question: How can I calculate the size of an ext4 partition that is needed to have a predefined amount of space available for the filesystem?
example: I'd like to have a filesystem with 100 GB space (according to
df) and would like to know how much space in MiB I need to give my new ext4 partition in GParted.
background: I noticed that
df (1K block equals 1024 bytes) displays different filesystem sizes than
lsblk -b (1 size unit equals 1 byte). I understand that this is because
lsblk shows the size of partitions while
df shows the size of filesystems (the space that is actually available for files).
$ df Filesystem 1K-blocks Used Available Use% Mounted on /dev/sda10 90187896 57032 85506480 1% /home/user $ lsblk -b NAME MAJ:MIN RM SIZE RO TYPE MOUNTPOINT sda10 8:10 0 94371840000 0 part /home/user df-calculation: 90187896*1024 = 92352405500 bytes lsblk: 94371840000 bytes overhead: 1 - 92352405500/94371840000 ~ 2.14%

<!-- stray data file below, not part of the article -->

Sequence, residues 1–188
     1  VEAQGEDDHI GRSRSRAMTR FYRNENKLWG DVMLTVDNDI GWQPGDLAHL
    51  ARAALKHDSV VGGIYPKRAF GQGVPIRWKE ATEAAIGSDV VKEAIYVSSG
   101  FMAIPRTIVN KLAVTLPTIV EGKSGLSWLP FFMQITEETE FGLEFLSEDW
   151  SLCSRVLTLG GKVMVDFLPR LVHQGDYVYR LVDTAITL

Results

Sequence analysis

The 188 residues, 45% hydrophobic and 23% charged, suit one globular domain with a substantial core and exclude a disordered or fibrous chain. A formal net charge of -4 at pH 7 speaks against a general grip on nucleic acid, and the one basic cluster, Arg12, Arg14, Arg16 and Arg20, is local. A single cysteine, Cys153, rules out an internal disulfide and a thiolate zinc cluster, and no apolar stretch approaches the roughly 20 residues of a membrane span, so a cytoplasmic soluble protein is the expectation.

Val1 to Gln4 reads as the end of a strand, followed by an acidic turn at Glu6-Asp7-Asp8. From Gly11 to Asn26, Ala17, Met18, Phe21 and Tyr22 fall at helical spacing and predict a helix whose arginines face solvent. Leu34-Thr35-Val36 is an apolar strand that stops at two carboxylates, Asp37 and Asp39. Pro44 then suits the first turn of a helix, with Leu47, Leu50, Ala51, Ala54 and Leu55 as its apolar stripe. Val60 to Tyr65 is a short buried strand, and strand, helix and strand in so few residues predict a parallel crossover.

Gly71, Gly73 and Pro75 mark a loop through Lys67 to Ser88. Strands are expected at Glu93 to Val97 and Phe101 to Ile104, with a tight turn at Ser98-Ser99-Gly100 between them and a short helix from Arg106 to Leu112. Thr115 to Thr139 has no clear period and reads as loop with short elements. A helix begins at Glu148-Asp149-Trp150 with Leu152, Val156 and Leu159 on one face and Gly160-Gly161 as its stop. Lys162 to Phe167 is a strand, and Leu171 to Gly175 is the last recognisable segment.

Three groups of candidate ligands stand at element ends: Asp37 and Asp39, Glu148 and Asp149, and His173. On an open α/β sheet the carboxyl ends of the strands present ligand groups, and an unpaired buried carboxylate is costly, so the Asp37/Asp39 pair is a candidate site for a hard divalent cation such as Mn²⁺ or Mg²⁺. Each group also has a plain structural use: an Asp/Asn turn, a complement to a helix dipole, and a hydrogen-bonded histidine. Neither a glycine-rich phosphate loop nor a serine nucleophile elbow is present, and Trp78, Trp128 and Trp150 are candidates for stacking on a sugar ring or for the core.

Using the default ext4 configuration (GParted, LinuxMint and probably others) the block to inode ratio is 4:1 and block size is 4096 while inode size is 256 so the data to inode ratio is 64:1 (source:
tune2fs -l). Thus, the inode table only contributes to 1.5625% ext4 filesystem overhead.
Where does the remaining overhead occur and how can I calculate it? I've done a test for various ext4 partition sizes (10,000 to 380,000 MiB) and the overhead fluctuates between ~1.8 and ~2.3% but seems to decrease with increasing partition size (see image).
side note #1: My question has nothing to do with KiB (2¹⁰ bytes) vs. KB (10³ bytes), MiB (2²⁰ bytes) vs. MB (10⁶ bytes), GiB (2³⁰ bytes) vs. GB (10⁹ bytes) and so on.
side note #2: This is also not about reserved blocks (5% per default) as those are shown in